Manufactured fear

It was a sombre September 16 as I spent my time following the Himpunan Rakyat Bersatu or “red shirt” rally via online news portals and the sharing of photos and videos on social media. There was one specific video that struck me, a lady in her very angry tone saying, “Enough is enough. Babi is babi!” Some said I should not be too shocked with the racist hate speeches and all the hatred messages. Well, I am all for the right to peaceful assembly, but racist hate speech has absolutely no place in our society. Some sincerely believe that skin color no longer matters. But there are also some believing the other extreme, that racism is at the root of nearly every problem.

Is racism really alive in this country? I am not sure if I should understand the September 16 event as a sign that frustration has reached its peak and was boiling over, because the boiling point could also be “manufactured”. It could simply be our perception. Having said that, I am going to discuss the “Bersih 4 vs ‘red shirt’” issue from a social movement perspective.

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A year of dissent and repression

It is that time of the year again. Ask any Malaysian on their reflections in 2015, you would probably get some similar answers. They would possibly tell you that life is getting tougher with everything becoming unaffordable. Some would probably tell you about the mess that our country is getting into, politically.

I was in a shop yesterday, and overheard the worker telling a customer that the price of goods could cost more next year. The customer sarcastically replied, “We must thank Najib for that.” Price hikes undoubtedly affect everything we use in daily life. With trust deficit in our leadership, Malaysians are frustrated by an unaccountable government, demands were dismissed, while dissenters were slammed under various laws. Look at the various draconian laws that the government has introduced and amended, for instance, Prevention of Terrorism Act, Sedition Act and the latest, National Security Council Bill. These laws share one common characteristic: repression on our fundamental liberties.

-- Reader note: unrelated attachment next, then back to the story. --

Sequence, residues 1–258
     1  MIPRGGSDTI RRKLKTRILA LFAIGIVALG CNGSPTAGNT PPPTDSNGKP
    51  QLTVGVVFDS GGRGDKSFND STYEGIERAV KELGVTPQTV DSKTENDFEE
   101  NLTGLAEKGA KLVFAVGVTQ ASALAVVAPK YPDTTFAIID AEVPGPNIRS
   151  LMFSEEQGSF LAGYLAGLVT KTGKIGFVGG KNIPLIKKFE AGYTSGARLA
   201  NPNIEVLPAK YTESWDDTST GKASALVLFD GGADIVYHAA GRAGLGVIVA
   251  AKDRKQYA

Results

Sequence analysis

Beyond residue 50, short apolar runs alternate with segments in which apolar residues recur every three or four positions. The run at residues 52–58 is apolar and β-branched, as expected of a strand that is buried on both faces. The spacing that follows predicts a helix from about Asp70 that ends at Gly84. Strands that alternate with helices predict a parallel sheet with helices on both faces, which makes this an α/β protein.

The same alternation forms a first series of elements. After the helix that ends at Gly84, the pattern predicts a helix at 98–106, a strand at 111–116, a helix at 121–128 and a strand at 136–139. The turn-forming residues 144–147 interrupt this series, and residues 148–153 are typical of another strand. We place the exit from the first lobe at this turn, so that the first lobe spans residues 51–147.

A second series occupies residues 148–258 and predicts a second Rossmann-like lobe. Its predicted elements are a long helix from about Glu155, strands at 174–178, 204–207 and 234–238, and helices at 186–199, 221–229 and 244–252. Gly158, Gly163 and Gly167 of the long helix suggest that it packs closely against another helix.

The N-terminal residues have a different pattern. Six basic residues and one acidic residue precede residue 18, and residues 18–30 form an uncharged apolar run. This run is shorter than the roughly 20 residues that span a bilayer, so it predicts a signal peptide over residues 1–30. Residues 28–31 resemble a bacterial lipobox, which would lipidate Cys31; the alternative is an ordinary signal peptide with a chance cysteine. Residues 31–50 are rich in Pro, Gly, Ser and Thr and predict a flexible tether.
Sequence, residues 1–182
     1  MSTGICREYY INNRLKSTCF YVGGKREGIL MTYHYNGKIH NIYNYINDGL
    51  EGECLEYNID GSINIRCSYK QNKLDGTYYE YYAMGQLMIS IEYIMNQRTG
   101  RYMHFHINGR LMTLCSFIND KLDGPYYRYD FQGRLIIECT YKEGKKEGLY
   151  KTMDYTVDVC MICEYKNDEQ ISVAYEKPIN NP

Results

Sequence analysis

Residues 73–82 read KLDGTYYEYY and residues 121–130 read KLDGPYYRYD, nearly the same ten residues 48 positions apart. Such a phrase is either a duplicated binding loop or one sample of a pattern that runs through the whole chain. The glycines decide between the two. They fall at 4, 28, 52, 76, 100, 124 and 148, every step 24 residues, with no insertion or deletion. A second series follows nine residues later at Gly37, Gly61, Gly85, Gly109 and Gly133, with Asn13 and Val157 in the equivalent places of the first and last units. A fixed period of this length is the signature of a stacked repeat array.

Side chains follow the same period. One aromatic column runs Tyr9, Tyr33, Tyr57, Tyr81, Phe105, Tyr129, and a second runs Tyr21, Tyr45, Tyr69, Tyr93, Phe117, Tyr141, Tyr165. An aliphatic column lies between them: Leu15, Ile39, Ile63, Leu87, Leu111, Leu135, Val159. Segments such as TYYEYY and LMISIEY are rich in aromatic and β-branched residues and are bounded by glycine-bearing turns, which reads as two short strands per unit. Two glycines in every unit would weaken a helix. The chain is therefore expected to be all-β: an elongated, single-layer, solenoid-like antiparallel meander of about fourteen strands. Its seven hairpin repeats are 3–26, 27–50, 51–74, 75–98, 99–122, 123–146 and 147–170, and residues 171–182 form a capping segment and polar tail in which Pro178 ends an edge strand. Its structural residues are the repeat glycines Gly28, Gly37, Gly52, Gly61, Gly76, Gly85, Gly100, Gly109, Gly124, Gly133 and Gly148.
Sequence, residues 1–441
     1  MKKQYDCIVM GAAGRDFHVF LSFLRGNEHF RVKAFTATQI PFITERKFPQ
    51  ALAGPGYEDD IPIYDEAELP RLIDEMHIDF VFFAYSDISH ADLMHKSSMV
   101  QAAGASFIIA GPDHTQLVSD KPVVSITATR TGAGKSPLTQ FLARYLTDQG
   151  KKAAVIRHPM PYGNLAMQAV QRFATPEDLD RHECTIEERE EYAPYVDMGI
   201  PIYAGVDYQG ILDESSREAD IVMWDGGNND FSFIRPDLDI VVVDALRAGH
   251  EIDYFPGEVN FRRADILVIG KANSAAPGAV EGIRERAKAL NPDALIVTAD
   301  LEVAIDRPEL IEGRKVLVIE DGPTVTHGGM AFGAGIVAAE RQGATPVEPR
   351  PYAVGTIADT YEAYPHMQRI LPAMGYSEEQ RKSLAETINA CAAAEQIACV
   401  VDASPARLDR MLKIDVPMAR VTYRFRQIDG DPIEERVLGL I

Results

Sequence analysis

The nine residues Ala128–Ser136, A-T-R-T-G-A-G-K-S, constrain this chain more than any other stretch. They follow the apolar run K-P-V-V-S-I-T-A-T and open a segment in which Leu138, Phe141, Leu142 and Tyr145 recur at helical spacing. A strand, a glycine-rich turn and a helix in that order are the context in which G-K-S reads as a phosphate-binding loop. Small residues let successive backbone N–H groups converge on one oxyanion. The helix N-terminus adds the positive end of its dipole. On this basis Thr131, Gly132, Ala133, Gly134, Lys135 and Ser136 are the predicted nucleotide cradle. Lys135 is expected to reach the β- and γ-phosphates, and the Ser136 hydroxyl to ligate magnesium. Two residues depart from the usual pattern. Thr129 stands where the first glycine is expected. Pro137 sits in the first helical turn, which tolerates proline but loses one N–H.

I was in Jakarta last week for a conference. Most of the international participants that I met asked me the same question: what is going on in Malaysia? It is like the hardest logic puzzles ever created and from time to time, the puzzle seems to get more challenging with some missing pieces. Now, it seems to reach a stage where it is just difficult to comprehend. The controversial Trans-Pacific Partnership Agreement left us in limbo, as there are still many vague areas to be explained.

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Seek ‘permission’ before penning your thoughts

No matter how much you love writing, there will be times when you are desperate for inspiration. And sometimes, the inspiration could come from the most unlikely of sources. Last week, I received a call from a friend in Sarawak. He suggested that maybe it was timely to write about the role of an academic and also academic freedom. But I told him that I had highlighted issues related to academic freedom numerous times in the past. Hence, I am not sure if this would be a good idea, as the readers might get bored. A few days passed and here I am. I changed my mind and I decided to take stock and consider what an academic really is. I visualised that the academic of the future would be known as more of a thought leader or professional thinker, rather than someone who is tied to an institution. A career that is built along these lines could actually open up more space for freedom of thought. At the same time, it would allow for more opportunities to initiate work that would eventually contribute to society. More importantly, it would allow for a much deeper understanding of actual problems in practice.

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Suppressing dissenters stifles democracy

Dissent is one of the central elements of democracy. But when such dissenting voices start to make the leaders feel threatened, they normally opt for an offensive approach – that is, by labelling a person a traitor. But, we have to recognise that constructive criticism against one’s government is not sedition, rather, according to the American founding father, Thomas Jefferson, dissent is the highest form of patriotism. The ruling Barisan Nasional (BN) faces continuous calls for political and legislative reforms, particularly since the 2008 general election, where they lost the two-thirds majority in Parliament. These pressures come from not only the opposition coalition, Pakatan Rakyat (PR), but also from the civil society that has been expanding ever since. Since then, more warnings have become visible of the leadership’s anxiety about these appeals for greater freedom and democracy in the country.

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Protesters are not criminals

May Day last Friday witnessed thousands of Malaysians taking to the streets to demand that the goods and services tax (GST) be abolished. More than two dozen protesters, including activists and opposition politicians, were arrested. Similar to the March 7 #KitaLawan rally, the arrests only started after the rally. Datuk Ambiga Sreenevasan, former Bersih 2.0 co-chair and former president of Malaysian Bar, was among those arrested. Also arrested were Seremban member of parliament (MP) Anthony Loke, Kuala Krai MP Dr Hatta Ramli, Pandan MP Rafizi Ramli, Batu MP Tian Chua, Shah Alam MP Khalid Samad, Parti Sosialis Malaysia (PSM) secretary-general S. Arutchelvan and activist Hishamuddin Rais. Tian Chua was arrested after speaking at a Permatang Pauh by-election ceramah and reportedly treated roughly by the police.

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